Soldier’s Quarters

December 31, 2007

Revolutionary War Image

Revolutionary War Soldier’s Cabin at Mount Vernon Museum, Mount Vernon, Virginia.

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The image, Soldier’s Quarters, is subject to copyright by barneykin. It is posted here with permission via the Flickr API by barneykin, administrator of “The Revolution flickred” pool.


Virginia’s Fighting Quakers

August 1, 2007

Revolutionary War Image

By the mid 1700s, the colony of Virginia had a substantial population of Quakers. However, for various reasons, the Society of Friends moved West and left sparsley attended or abandoned meeting houses along the way. One of the causes of the great migration of Virginia Quaker families into Ohio had to do with the Revolutionary War. Young men of the best Quaker families were most eager to join on with the Revolutionary Army of Virginia. They were promptly disowned by their Quaker meetings. Many of those fighting Quakers who survived the War were reinstated into membership after the War was finished and won. They, along with descendants of non-Quaker fallen soldiers were granted land bounties by the Legislature of Virginia in the Virginia Military District of Ohio. This was an enormous tract of land set off by the United States Congress for the Commonwealth of Virginia to repay her citizen soldiers for their sacrifices and service. The District of Ohio included the present day counties of Clermont, Brown, Adams, Highland, Clinton, Fayette, Madison, Union and portions of Warren, Greene, Clark, Champaigne, Logan, Hardin, Marion, Delaware, Franklin, Pickaway, Ross, Pike and Scioto. Over 8000 land warrants were issued to Virginia soldiers in the Virginia Military District of Ohio alone. The warrants ranged from 100 acres to an army private who served three years, up to 1100 acres to a general who served three years. These warrants became a great inducement for Virginia’s Revolutionary War veterans to go west to Ohio. A number of so-called Fighting Quakers from Virginia’s South River Meeting received such warrants.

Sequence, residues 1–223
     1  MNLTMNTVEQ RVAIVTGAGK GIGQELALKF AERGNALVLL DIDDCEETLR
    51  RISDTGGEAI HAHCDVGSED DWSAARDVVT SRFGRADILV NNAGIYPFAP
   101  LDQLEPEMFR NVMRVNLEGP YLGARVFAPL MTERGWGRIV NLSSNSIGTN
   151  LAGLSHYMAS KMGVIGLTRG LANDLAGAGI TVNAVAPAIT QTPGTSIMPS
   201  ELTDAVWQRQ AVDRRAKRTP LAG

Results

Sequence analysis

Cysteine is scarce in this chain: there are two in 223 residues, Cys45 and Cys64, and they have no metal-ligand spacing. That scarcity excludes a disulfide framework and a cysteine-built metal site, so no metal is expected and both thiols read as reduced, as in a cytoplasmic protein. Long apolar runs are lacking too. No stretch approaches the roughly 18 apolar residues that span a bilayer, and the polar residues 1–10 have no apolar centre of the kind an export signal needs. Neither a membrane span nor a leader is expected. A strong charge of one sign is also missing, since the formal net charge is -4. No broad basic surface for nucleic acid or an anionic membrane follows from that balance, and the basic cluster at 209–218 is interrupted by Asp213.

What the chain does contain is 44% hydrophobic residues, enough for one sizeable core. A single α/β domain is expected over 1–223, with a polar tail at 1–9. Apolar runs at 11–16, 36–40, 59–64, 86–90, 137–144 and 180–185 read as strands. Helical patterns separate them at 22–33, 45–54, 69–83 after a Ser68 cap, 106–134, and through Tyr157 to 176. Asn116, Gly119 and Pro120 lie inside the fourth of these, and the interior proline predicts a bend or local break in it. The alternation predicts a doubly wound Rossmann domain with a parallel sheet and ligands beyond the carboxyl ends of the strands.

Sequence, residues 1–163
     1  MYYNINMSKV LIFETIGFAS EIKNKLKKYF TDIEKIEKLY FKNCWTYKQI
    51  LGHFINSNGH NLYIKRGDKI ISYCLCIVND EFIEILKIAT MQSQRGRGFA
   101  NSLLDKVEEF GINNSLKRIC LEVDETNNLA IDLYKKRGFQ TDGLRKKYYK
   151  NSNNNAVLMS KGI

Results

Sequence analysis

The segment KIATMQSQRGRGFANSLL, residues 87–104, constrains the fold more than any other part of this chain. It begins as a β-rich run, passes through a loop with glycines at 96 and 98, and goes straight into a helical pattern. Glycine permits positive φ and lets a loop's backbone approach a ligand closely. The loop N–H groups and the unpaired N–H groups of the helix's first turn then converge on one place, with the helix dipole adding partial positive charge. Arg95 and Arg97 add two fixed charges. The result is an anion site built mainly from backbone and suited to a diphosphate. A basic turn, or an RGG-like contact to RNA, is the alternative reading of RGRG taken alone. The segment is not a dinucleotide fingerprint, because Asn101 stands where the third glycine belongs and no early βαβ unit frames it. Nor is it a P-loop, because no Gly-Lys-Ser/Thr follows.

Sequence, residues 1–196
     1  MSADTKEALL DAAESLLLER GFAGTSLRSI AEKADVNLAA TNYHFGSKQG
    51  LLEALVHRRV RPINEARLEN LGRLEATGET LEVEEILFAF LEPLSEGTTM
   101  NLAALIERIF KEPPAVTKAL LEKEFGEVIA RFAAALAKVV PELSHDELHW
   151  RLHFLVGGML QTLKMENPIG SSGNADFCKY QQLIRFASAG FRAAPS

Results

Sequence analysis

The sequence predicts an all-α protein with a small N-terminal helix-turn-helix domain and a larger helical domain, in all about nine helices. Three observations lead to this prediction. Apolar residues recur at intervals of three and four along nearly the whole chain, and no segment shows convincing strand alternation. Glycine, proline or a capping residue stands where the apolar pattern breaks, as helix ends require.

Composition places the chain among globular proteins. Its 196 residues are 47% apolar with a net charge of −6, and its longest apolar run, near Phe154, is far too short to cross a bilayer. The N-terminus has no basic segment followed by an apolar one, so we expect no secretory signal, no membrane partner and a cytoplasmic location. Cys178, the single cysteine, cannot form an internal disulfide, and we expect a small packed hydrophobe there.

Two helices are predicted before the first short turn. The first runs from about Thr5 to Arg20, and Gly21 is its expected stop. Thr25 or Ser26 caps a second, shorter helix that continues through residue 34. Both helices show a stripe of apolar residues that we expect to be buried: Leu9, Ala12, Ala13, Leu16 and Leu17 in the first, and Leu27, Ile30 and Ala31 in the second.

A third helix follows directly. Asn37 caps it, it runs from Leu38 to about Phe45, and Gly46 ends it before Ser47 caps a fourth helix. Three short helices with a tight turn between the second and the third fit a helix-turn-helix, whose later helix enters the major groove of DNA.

If you are seeking your own ancestors, start with “Virginia Revolutionary Records” by Gaius Marcus Brumbaugh, Volume I. ~~Edna Barney

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Artillery Guard Duty

July 1, 2007

Revolutionary War Image

One of the chores of being a soldier is guarding the artillery, such as this patriot of old is performing at historic Mabie House, Rotterdam Junction, New York. The image is from a Revolutionary War reenactment.

The Slide Show

The image, Artillery Guard Duty, is subject to copyright by gsxrt. It is posted here with permission via the Flickr API by barneykin, administrator of “The Revolution flickred” pool.

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Black Revolutionaries

February 5, 2007

Revolutionary War Soldiers

“. . . no regiment is to be seen in which there are not negroes in abundance: and among them are able-bodied, strong, and brave fellows.” —Hessian Officer’s Testimony, October 23, 1777

On January 2, 1778, Washington forwarded a letter from General James Varnum to the governor of Rhode Island advising that his troop quota should be completed with black soldiers. In February of 1778, the Rhode Island legislature approved the request. Enlisted slaves were to receive freedom in return for military service. White Quaker Christopher Greene led Rhode Island’s first black regiment at its first engagement at the battle of Newport, July 29-August 31 1778, where it held off two Hessian regiments. This same regiment also participated at the battle of Yorktown. Slaves who enlisted in the Continental Army rarely received regular pay or bounty land. Their rewards were subsistence, freedom, and a cash payment at war’s end according to “The George Washington Papers at the Library of Congress“.

“During the winter of 1777-78, dozens of black Virginians served in every one of the state regiments, freezing, starving, and dying at Valley Forge. By February 1778, the survivors were marching with white comrades through the snow, practicing Baron von Steuben’s as yet unfamiliar drill. When the Steuben-trained army proved its mettle at Monmouth in June, about 700 blacks fought side-by-side with whites. Eight weeks later, an army report listed 755 blacks in the Continental Army, including 138 Blacks in the Virginia Line.” from  (“The Revolution’s Black Soldiers” by Robert Selig)

The Revolution’s Black Soldiers